NEH ‘Ajamī Project

ʿAjamī is the Arabic term for non-Arabic, or foreign, and is used to refer to non-Arabic languages and literatures that are written with the modified Arabic script. While it is common knowledge that languages such as Urdu and Persian are written in the Arabic script, less well known is the fact that numerous African languages also have ʿAjamī traditions. The ʿAjamī literatures that have developed in sub-Saharan Africa, which hold a wealth of knowledge on the history, politics, cultures and intellectual traditions of the region, are generally unknown to the scholarly community and the general public alike, largely due to lack of access.

Our project ʿAjamī Literature and the Expansion of Literacy and Islam: The Case of West Africa that was awarded a NEH Collaborative Research Grant seeks, through increasing access to primary sources in ʿAjamī, to spark research and scholarly work on this important part of the Islamic world. We will do so by exploring the ʿAjamī literatures of four main “Islamic languages” of West Africa (Hausa, Mandinka, Fula, and Wolof) and making selected manuscripts and their translations widely available in print and online. We will draw primarily on existing manuscript collections, publishing a selection of them with interpretive materials in web galleries that will be freely accessible to the public, scholars, teachers and students of Islam and Africa. The project will digitize twenty manuscripts in each language, and prepare transliterations into the Latin script as well as translations into English and French. Moreover, for each language, we will select five manuscripts which will be the subject of video recorded interviews and recitations/readings by local scholars. We will prepare interpretive essays on the ʿAjamī literature of each language and a general interpretive essay comparing the four literatures. A selection of the annotated manuscripts and interpretive essays also will be published in peer-reviewed, multi-disciplinary journals.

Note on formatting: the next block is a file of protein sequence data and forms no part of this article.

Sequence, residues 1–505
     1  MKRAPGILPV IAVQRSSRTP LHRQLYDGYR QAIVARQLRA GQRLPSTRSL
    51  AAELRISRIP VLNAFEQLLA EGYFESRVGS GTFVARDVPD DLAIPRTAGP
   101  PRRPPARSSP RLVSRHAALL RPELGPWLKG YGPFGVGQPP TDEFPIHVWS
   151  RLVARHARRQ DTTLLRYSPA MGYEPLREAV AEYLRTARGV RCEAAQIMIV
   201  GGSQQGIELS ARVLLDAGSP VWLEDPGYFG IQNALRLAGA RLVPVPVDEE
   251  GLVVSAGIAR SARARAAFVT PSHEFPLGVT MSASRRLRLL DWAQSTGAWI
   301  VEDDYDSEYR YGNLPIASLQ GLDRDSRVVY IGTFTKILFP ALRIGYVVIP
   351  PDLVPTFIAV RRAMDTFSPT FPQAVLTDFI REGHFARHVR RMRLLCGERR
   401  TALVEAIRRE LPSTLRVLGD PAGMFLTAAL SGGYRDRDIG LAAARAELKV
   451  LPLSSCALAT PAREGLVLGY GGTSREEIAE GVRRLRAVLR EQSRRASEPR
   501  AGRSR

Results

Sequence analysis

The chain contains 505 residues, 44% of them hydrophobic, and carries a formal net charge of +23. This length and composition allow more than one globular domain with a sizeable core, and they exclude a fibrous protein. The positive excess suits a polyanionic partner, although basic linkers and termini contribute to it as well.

The interdisciplinary and international project team consists of Fallou Ngom (Principal Investigator), Daivi Rodima-Taylor (Project Manager), and digital humanities specialists from Boston University, Rebecca Shereikis at ISITA Northwestern University, and David Robinson at Michigan State University. Our work will be done in collaboration with ISITA at Northwestern University, IFAN (Institut Fondamental d’Afrique Noire), WARA (West African Research Association), Ousmane Sene at WARC (West African Research Center in Dakar, Senegal) and colleagues from Bayero University and Kaduna Polytechnic in Nigeria.